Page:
Back To Work For The American People
When the American people elected a new Republican majority in 2014, they called for the Senate to get back to work. From day one, that’s what this majority has set out to accomplish — and we’ve gotten a lot done as a result.
Consider what we were able to achieve for the American people last year alone.
Enacting permanent tax relief for families and small businesses. Bringing an end to a job-killing energy embargo from the 1970s. Rebuilding our nation’s crumbling infrastructure with the most significant transportation solution in years. Replacing No Child Left Behind with hugely important education reforms that empower parents and prevent Washington from imposing Common Core.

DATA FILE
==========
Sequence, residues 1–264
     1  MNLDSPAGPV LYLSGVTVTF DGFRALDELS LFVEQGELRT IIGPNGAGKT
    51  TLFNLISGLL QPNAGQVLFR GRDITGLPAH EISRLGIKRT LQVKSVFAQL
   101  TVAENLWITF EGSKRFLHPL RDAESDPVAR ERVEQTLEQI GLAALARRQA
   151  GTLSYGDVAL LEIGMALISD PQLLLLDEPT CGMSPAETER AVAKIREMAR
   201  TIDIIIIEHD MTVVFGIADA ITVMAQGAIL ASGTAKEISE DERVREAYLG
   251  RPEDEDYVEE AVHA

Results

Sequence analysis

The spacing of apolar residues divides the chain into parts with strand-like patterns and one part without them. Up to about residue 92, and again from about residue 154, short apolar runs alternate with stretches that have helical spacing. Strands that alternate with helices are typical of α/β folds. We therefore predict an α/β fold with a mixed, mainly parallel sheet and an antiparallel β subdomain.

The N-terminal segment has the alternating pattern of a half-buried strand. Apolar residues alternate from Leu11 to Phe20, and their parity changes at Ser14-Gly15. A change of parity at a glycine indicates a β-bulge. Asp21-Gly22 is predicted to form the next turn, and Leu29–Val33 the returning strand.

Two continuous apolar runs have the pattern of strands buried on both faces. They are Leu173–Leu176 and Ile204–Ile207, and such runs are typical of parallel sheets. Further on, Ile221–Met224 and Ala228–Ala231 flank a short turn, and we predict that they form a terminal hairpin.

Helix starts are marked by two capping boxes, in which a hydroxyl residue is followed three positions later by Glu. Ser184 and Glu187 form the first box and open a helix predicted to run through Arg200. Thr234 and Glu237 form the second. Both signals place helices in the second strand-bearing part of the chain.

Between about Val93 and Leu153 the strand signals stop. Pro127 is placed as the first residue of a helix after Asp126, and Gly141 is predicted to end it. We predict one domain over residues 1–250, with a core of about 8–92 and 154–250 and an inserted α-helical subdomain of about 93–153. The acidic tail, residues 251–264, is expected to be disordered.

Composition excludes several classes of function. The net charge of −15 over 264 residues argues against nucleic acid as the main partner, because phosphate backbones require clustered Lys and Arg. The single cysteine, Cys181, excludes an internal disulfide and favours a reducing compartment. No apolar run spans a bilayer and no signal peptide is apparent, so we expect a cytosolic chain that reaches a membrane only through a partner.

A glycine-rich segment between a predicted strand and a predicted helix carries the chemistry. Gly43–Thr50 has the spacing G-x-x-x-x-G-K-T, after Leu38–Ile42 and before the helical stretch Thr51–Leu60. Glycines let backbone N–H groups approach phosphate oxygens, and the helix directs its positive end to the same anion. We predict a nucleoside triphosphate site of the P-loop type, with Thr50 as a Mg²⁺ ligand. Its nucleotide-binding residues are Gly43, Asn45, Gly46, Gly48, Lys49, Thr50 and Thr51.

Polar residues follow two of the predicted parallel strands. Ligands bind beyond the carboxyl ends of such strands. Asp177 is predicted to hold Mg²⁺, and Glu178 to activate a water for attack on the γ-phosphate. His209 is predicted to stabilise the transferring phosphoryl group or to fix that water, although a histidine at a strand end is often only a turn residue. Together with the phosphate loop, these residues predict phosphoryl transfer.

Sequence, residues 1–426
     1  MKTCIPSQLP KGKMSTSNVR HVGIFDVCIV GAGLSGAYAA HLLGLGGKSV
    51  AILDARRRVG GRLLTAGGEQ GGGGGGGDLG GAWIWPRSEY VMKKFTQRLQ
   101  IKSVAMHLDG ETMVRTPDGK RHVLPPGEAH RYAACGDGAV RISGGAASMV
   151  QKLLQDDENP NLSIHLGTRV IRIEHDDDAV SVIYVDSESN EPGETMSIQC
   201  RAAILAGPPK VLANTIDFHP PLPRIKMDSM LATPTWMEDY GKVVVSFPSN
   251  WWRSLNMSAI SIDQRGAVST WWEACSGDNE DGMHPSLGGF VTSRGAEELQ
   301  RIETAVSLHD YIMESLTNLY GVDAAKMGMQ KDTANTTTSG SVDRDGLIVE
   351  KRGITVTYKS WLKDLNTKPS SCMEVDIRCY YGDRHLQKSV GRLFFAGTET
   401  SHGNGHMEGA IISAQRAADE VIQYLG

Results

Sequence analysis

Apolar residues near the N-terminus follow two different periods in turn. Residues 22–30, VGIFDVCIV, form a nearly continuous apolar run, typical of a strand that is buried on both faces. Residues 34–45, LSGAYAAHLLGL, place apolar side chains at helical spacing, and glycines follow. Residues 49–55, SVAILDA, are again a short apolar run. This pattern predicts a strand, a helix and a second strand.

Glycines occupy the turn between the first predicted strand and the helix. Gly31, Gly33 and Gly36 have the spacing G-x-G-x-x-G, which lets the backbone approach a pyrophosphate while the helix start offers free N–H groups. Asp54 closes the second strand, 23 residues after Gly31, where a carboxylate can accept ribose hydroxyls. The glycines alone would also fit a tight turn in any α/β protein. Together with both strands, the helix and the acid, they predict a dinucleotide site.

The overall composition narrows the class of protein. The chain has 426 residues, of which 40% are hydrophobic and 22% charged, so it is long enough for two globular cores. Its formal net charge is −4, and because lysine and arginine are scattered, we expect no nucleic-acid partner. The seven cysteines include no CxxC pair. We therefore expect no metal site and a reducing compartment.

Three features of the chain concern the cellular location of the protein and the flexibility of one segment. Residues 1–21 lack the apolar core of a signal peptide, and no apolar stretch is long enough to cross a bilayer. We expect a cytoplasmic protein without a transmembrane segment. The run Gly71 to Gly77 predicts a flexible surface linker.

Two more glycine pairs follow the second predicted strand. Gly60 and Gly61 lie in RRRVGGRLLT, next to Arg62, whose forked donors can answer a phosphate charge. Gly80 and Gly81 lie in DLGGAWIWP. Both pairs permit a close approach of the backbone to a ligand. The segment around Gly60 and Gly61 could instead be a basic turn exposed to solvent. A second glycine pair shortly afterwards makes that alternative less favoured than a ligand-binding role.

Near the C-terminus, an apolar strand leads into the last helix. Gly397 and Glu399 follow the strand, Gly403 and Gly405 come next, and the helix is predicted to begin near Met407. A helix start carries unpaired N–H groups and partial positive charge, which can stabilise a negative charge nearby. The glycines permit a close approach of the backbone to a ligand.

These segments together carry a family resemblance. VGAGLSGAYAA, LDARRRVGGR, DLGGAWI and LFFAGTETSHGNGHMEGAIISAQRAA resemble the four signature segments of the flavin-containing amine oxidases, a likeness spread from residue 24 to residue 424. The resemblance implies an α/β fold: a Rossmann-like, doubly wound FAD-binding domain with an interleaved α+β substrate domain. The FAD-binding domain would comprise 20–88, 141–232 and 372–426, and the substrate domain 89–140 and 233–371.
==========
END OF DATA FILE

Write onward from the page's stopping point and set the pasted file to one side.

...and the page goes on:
We secured pay raises for our troops, help for our veterans, and hope for the victims of human trafficking.
We passed a landmark cybersecurity law that will help safeguard Americans’ personal information. We achieved a permanent solution to Medicare’s “Doc-Fix” problem so seniors would no longer face the annual threat of losing access to their physicians. We also overcame years of obstruction to place on the President’s desk a bill that would finally end Obamacare’s cycle of broken promises and attacks on the Middle Class (it was unfortunate to see the President stand by this broken law and veto our measure, but we won’t stop fighting).
Some said Congress could never break old traditions of short-term fixes and punts, but we repeatedly proved pundits wrong with meaningful and substantial reforms for our country instead.
The Republican-led Senate is continuing this progress in 2016.